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Clin Transplant. 2011 Sep-Oct;25(5):786-93. doi: 10.1111/j.1399-0012.2010.01342.x. Epub 2010 Oct 22.

Accepting a donor kidney: an evaluation of patients' and transplant surgeons' priorities.

Author information

1
Department of Medicine, Yale University School of Medicine, New Haven, CT 06520-8031, USA.

Abstract

BACKGROUND:

Despite a trend toward patient autonomy in clinical practice, the decision whether or not to accept a kidney for transplantation is made predominantly by the transplant surgeon. The purpose of this study is to examine how patients and surgeons prioritize relevant factors when deciding to accept or decline an available kidney.

METHODS:

We elicited patient and surgeon rankings for a list of factors involved in the decision using a validated computer survey. We computed the relative importance of each factor and examined associations between patient characteristics and priorities using Spearman's correlation coefficient and the Mann-Whitney U-test for continuous and categorical variables, respectively.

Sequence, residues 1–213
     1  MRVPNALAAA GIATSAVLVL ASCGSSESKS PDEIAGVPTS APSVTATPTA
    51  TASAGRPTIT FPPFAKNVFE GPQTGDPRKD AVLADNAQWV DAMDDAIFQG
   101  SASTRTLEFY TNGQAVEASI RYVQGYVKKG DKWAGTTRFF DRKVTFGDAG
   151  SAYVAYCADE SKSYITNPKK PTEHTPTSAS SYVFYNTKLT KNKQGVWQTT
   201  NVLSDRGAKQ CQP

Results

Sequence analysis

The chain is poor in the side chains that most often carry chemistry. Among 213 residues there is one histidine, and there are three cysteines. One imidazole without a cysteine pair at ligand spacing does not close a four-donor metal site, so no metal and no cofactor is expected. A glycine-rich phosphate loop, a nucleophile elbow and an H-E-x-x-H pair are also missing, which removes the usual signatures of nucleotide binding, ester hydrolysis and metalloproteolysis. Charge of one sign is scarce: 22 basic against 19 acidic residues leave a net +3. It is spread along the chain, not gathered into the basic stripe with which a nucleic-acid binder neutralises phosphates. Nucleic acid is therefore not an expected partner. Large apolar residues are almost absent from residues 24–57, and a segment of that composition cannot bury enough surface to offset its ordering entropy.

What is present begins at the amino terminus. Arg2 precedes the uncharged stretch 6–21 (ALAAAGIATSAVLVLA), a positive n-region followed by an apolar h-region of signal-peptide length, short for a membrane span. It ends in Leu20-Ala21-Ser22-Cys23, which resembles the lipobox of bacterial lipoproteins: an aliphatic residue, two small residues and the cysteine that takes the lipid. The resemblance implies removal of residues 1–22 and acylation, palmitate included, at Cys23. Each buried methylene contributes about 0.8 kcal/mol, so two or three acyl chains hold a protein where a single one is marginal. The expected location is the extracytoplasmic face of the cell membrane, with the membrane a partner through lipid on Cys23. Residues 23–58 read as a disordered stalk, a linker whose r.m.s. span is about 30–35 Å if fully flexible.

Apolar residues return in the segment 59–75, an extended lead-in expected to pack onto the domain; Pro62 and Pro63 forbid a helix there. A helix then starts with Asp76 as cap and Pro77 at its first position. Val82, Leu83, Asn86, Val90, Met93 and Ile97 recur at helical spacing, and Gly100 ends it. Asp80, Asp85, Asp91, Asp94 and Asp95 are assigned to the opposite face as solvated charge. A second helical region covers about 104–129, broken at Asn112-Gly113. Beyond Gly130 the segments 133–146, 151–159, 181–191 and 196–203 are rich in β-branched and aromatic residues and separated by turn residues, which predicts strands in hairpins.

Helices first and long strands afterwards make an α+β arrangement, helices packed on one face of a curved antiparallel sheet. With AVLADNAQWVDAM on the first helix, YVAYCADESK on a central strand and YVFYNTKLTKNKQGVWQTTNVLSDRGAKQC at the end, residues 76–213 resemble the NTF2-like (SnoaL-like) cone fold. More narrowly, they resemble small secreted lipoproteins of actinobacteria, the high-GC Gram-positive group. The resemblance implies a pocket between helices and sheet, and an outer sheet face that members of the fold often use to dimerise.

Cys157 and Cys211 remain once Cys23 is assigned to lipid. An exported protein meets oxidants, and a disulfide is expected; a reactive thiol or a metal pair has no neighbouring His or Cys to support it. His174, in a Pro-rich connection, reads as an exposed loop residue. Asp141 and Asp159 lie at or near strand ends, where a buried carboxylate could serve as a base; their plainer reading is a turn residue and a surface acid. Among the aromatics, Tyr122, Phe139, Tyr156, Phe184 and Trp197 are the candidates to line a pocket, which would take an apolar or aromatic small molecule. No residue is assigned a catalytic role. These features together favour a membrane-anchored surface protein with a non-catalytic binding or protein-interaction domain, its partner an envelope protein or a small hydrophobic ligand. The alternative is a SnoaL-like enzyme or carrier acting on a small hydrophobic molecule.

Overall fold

RESULTS:

Patients placed the greatest value on kidney quality and predictors of transplant outcome. Patients who were on the waiting list longer gave less importance to kidney quality and function. Surgeons placed the greatest value on kidney quality, difficulty for the patient to be matched to a kidney, and the age of the donor.

CONCLUSION:

The results of this study suggest that decision support tools can be used to improve the understanding of patient priorities in the decision to accept a donor kidney.

PMID:
20964716
PMCID:
PMC4846340
DOI:
10.1111/j.1399-0012.2010.01342.x
[Indexed for MEDLINE]
Free PMC Article

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